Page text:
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- Nurse Judy' Blog
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- What to expect from the 2016/17 flu vaccine
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Friday, August 8, 2014
Infant acne is a very common affliction and one that we get a LOT of calls about. Although the timing can vary, it typically shows up between 3 and 6 weeks of age and is usually gone in a couple of months. Your previously flawless infant is suddenly covered with pimples. This will include whiteheads, pinkish pimples and red, rough patches of skin. The rash can spread beyond just the face and move to areas all over the chest and the head. The situation seems to get aggravated and redder when the baby is warm. The cause of the infant acne is thought to be a combination of maternal hormones and baby sweat glands starting to work
Infant acne drives parents crazy, but usually doesn't bother the baby at all. Of course, not all rashes are infant acne. Little white pimples called milia are also quite common and may be present at birth. Some babies may be sensitive to detergents, soaps or something in a breast feeding mom's diet. As with any rash, if the baby seems bothered by it (they may be rubbing at their face as if they are itchy) if they seem unusually fussy ( probably unrelated, but.....) or the rash seems oozy or crusty, schedule an appointment to have the baby evaluated. Any distinct large pustule should be checked out to make sure it isn't Staph.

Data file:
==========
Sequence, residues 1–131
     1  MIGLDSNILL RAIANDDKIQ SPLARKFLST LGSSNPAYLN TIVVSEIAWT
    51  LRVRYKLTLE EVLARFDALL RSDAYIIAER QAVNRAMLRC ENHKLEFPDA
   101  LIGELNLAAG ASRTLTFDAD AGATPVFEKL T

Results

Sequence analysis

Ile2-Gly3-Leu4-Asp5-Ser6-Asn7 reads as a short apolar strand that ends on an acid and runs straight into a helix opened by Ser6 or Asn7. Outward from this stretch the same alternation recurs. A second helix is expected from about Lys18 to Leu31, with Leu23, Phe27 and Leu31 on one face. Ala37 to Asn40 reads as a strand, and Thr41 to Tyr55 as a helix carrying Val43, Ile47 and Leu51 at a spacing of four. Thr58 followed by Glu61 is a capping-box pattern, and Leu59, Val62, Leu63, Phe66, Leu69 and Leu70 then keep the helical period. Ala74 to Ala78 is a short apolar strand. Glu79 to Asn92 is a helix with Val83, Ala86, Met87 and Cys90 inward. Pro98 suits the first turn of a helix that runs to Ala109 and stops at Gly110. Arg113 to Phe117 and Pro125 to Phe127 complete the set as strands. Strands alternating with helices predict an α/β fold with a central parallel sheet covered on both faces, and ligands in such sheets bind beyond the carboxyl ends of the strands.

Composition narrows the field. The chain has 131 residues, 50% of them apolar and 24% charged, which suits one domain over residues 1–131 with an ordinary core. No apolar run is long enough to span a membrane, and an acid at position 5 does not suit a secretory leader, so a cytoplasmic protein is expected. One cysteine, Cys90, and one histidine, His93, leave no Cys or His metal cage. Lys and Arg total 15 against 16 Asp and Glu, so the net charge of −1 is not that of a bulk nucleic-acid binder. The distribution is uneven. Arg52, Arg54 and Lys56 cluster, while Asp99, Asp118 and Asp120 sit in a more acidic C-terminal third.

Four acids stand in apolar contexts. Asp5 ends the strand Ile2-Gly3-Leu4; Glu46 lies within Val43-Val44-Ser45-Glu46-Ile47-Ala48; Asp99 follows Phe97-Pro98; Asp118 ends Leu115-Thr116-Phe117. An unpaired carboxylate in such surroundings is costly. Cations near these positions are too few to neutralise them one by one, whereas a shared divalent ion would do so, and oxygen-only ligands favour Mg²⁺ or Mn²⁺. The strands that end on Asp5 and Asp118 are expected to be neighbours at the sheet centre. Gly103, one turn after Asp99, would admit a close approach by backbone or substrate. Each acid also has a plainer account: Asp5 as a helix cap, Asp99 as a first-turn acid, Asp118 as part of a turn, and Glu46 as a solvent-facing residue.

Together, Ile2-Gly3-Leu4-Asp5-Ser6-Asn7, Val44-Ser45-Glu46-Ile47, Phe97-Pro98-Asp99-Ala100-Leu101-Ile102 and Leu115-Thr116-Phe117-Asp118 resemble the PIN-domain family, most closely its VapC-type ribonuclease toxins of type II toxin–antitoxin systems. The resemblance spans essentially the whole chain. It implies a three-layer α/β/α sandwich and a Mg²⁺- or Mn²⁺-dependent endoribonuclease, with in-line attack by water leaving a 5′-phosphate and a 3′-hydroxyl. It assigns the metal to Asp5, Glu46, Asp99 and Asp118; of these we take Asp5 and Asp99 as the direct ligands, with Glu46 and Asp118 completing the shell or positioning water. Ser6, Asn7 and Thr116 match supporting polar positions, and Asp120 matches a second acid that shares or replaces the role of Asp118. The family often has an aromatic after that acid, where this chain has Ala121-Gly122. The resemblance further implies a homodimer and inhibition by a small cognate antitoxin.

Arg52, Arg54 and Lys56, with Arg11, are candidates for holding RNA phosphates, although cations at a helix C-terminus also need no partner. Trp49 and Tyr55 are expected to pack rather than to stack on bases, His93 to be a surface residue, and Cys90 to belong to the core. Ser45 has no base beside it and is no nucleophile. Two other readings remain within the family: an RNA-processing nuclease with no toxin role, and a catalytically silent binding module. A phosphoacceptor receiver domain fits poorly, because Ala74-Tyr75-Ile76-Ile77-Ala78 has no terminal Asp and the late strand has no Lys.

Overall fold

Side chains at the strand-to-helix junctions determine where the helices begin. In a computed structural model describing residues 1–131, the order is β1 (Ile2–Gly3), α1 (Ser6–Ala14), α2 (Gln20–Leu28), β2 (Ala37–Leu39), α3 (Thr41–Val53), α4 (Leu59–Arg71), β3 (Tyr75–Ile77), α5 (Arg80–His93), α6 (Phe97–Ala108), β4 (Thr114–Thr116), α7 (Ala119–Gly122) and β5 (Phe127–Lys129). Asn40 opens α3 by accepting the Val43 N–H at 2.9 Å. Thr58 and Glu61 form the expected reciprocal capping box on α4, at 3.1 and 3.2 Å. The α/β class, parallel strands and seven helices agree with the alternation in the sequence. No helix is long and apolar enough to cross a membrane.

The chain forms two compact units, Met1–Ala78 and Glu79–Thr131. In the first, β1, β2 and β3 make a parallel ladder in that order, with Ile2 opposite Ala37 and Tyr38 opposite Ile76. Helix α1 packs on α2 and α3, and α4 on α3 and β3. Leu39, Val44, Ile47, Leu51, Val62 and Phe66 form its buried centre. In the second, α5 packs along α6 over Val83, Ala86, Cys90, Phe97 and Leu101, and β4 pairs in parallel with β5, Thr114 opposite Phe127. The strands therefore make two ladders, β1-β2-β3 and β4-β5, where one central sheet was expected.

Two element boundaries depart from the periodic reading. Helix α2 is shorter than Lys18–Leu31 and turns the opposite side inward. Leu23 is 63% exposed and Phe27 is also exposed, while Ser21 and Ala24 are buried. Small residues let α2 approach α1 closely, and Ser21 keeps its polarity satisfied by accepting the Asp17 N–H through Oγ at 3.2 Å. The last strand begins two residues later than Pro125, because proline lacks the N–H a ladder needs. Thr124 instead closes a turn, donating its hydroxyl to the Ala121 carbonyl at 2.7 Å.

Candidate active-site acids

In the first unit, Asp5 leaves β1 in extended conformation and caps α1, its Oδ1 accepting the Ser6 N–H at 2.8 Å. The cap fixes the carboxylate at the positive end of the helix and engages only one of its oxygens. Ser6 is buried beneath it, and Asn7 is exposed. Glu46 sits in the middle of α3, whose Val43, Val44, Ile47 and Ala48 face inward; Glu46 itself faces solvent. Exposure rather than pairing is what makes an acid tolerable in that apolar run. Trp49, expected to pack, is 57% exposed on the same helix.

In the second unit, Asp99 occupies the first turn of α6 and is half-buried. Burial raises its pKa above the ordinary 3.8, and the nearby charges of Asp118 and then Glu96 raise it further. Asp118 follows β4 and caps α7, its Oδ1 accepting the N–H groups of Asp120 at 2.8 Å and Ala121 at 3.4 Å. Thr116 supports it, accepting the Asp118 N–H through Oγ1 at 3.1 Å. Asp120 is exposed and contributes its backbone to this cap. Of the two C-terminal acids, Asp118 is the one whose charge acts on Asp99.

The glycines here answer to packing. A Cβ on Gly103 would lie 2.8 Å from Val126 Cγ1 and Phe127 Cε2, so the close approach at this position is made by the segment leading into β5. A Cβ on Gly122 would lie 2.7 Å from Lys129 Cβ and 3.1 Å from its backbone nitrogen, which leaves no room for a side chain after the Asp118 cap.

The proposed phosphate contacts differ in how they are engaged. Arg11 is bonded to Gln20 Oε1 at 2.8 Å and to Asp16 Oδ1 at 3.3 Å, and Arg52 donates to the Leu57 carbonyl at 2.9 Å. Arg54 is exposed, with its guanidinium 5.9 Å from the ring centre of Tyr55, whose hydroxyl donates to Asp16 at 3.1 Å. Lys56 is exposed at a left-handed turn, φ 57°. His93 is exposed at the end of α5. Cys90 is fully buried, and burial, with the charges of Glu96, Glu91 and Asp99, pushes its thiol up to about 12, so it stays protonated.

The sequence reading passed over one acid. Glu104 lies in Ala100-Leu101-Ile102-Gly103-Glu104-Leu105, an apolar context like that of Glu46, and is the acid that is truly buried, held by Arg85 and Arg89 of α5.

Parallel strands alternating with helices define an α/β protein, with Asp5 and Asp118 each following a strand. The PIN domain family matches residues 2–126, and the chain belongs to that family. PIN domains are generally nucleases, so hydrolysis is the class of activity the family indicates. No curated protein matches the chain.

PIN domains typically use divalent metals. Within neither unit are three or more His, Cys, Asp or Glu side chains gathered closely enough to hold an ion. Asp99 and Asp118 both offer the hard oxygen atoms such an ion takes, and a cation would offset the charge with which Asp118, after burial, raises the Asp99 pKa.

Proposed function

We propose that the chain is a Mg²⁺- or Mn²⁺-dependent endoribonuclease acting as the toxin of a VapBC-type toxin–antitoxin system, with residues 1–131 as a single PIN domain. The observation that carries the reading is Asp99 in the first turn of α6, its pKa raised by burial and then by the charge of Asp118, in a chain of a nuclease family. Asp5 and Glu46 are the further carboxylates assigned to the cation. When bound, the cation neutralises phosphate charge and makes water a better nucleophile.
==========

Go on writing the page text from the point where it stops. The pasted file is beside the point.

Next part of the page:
Infant acne loves to show up when the grandparents are about to meet the baby for the first time or you are ready for a photo shoot (this is what Photoshop is made for. My generation wasn't so lucky!)
There is no standard treatment. Simply wash the areas with gentle soap and water. Some folks say that applying breast milk or Calendula cream directly to the rashy area seems to help calm it down.
While the rash on your baby's face is very likely infant acne, I understand if you feel the need to check in anyway by sending a photo or giving us a call. Trust me, I get it. In my own case, when my first born Lauren suddenly resembled a teenager with horrible acne, I broke down and made that very first call to the pediatrician.
Posted by Nurse Judy at 10:50 AM